Amar, an Iraqi-American, reflects on his past while held in an airport during the early 21st century. His story unfolds through flashbacks as readers wait to see his fate. This makes up the section called "Madness."

These two stories lead to the final installment that will either leave readers satisfied or totally pissed. I am in the first category, but I've read enough reviews to know many people are not.

"Asymmetry" is one of those books I love because I can't stop thinking about it. Halliday brings so many questions to the surface, and I absolutely do not have the answers. What more could you ask an author to do for you?


Happy as a Dane: 10 Secrets of the Happiest People in the World by Malene Rydahl

If you're familiar with hygge and how Danes are so popular for their happiness status, this book won't offer any new revelations. However, it does explore some of the paradoxes, such as how Denmark rates so high in happiness rankings when suicide is still a major issue for this country.

Rydahl covers ten basic values that give Danes the happiness edge, and she discusses how these work in real life settings and what it means for Danes who have to compete with other countries where productivity, not happiness, is the goal. It was an enjoyable read.

Comfort Detox: Finding Freedom from Habits that Bind You Erin M. Straza

I had a hard time getting into "Comfort Detox." I loved the topic and the challenge to live outside of our comfort zones for a greater purpose, but the writing made me feel like I was slogging through, even when I enjoyed the content.

Having read Half the Sky and other books about problems around the globe caused by poverty, I am familiar with Straza's take on Christians needing to live outside of our comforts so others can simply live. It was a great reminder, and she brings up very relevant points about our habits and how many of us don't seek comfort from Christ. We like things and food and excess and comfort and use those as Band Aids instead of seeking God and serving others. Again, the writing wasn't my favorite, but the message is solid.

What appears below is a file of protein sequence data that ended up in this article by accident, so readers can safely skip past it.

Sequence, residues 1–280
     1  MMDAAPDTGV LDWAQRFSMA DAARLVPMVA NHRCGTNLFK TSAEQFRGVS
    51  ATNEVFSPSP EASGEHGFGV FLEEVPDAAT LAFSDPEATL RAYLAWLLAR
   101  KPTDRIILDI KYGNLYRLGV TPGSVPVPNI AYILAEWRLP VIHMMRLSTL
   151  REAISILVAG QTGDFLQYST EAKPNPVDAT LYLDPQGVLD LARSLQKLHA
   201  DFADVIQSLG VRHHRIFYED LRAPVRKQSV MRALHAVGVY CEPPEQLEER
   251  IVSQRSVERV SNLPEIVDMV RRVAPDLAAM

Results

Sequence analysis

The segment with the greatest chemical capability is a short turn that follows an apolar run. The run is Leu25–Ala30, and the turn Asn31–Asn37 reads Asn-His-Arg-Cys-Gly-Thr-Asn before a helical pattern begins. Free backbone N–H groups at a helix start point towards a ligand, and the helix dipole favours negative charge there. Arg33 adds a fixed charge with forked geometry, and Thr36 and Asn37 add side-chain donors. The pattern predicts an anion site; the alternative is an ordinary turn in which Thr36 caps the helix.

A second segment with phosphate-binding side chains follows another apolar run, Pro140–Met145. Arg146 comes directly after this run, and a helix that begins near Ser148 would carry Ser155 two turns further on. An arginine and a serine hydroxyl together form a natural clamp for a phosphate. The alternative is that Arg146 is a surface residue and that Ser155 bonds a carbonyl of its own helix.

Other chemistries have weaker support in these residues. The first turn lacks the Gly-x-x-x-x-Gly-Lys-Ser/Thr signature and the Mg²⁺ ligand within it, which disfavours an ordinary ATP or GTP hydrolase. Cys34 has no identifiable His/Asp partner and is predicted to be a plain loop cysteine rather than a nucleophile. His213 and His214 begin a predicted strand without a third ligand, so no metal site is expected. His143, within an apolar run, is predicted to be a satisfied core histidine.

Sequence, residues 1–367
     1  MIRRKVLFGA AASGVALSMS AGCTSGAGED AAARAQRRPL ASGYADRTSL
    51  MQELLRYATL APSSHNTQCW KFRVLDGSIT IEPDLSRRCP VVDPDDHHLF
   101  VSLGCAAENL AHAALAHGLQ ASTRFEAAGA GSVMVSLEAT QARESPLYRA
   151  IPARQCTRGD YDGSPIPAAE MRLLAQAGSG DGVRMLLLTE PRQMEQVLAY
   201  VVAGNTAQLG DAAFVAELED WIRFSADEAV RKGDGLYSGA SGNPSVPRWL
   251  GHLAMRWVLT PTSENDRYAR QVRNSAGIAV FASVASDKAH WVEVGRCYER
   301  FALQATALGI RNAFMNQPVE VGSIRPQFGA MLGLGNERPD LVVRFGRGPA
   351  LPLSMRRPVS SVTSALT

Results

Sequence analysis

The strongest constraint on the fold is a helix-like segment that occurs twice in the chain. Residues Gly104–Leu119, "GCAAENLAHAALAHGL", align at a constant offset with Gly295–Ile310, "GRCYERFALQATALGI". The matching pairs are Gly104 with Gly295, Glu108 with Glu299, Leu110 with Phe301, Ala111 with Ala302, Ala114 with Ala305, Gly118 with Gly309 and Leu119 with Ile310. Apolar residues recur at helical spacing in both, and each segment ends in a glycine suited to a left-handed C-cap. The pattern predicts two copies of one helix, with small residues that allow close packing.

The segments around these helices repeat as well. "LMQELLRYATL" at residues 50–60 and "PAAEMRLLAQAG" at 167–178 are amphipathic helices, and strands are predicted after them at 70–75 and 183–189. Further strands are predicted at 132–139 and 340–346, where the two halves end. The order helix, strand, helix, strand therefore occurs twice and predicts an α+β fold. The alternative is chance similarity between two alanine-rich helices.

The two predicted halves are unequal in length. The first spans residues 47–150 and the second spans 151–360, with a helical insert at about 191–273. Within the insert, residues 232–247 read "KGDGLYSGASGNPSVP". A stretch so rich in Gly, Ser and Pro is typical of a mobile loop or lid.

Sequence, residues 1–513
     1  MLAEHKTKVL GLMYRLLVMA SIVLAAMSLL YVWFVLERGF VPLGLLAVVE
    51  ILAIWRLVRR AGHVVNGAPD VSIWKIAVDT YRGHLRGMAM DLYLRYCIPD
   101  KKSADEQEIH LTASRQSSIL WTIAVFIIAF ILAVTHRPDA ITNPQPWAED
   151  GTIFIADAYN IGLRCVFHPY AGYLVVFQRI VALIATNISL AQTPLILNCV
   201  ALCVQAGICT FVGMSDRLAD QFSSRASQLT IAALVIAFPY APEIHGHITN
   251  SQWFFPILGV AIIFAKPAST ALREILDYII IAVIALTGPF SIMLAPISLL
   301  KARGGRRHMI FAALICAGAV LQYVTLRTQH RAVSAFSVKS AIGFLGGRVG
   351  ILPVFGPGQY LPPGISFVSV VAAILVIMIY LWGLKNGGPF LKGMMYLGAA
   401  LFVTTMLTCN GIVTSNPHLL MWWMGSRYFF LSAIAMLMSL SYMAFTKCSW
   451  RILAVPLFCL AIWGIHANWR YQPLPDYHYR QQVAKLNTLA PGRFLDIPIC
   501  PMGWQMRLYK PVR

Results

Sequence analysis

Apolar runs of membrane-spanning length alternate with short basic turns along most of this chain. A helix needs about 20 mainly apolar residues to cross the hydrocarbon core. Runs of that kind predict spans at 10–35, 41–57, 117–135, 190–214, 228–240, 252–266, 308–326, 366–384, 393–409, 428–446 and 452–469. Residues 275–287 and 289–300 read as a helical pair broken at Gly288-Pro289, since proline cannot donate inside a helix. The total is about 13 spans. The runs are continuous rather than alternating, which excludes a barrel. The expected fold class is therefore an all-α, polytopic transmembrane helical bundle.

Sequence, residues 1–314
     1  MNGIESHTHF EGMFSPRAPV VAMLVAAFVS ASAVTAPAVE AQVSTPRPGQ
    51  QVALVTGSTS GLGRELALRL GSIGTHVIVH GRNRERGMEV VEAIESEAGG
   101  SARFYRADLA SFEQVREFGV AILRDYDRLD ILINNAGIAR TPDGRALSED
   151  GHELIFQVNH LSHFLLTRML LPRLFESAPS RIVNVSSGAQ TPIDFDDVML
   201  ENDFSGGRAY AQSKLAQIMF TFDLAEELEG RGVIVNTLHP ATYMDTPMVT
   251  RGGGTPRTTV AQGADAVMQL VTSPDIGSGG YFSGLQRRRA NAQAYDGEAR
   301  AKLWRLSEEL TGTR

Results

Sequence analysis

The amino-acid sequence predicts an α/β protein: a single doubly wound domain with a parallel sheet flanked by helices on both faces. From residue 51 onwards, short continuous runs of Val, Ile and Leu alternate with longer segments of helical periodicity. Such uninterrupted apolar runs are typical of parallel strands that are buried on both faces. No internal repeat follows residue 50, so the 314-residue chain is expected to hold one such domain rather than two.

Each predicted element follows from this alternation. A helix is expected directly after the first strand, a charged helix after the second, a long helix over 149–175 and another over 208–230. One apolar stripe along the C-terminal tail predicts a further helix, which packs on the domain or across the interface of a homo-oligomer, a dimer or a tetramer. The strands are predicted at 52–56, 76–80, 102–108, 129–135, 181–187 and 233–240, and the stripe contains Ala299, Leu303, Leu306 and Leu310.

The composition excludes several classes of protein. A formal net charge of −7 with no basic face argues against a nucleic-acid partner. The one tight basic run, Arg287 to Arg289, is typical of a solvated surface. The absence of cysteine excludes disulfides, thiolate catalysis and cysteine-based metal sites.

Everything That Remains: A Memoir by the Minimalists

I expected to like this book, and I did enjoy the content. However, like Straza's, I had a hard time with the writing. Set up as a journal, it felt like reading Joshua Fields Millburn's diary while also having to flip to the back for notes from Ryan Nicodemus, his friend and other half of the Minimalists. The dialogue often felt stilted, even though it was based off of real conversations.

The point of the book and the focus on  minimalism was good. Millburn walks reader through how he cleared his life of material excess, and this led to a whole other journey of ridding life of other excesses. From abandoning to-do lists, not having Internet access, and not worshipping achievements, Millburn shows how embracing minimalism is about so much more than just not buying junk. Unfortunately, for a book on minimalism the actual writing and format felt extremely clunky.

I follow The Minimalists on Twitter and will likely start listening to their podcast, but this was not my favorite book on minimalism.

Real Happiness: The Power of Meditation by Sharon Salzberg

After reading both of Dan Harris' books on meditation and happiness, I picked up Sharon Salzberg's guide because Harris recommends her strongly. I will buy this book and keep it on my nightstand because it is the perfect guide for meditation, mindfulness, and compassion.

Salzberg explains why we should mediate and then leads readers through many guided meditations to build their practice. The book is set up to be a 28 day guide with each week focusing on a different type of meditation. There is a CD to help with guided meditation, and Salzberg's writing is instructive, informative, and encouraging. Whether you are new to meditation or a seasoned meditator, this is a perfect read.

I'm Still Here: Black Dignity in a World Made for Whiteness by Austin Channing Brown

This should be required reading for all white people. Austin Channing Brown tells what it is like growing up black in a world where her name was chosen to help her appear white on job applications because her parents knew that was her best shot at getting interviews as a black woman in America. She tells of her journey learning to love her Blackness and the challenges of working with organizations, mainly Christian ones, that say they want to have a diverse company but usually just want a few non-white faces to stand out in the crowd, not divergent views that might make other people face their own prejudices.

You will be convicted and uncomfortable while reading this book, and that is good. Sit with those feelings and listen to Channing Brown as she gives us all advice on how we can do better.


We Are Never Meeting in Real Life by Samantha Irby

I first read Irby's work in Nasty Women, where she penned an essay on being a black, queer woman in Trump country. Immediately enchanted, I put her newest book of essays on hold and devoured them in a matter of hours.

Irby writes about serious life matters using humor to leave the reader unsure whether to laugh or weep. I managed both by the end of the book. She is honest and covers topics some readers may not be able to handle. Nothing I can think of is off limits, and Irby's vocabulary and imagination are vast.

I love Irby's writing, her wit, her honesty, and her cynicism. This is another essay book from the first half of the year that I will likely read more than once.

Meaty by Samantha Irby

Of course after reading Irby's latest publication, I went back for her earlier essays. I enjoyed "Meaty," especially when she dived into deeper topics like her complicated relationship with her mother.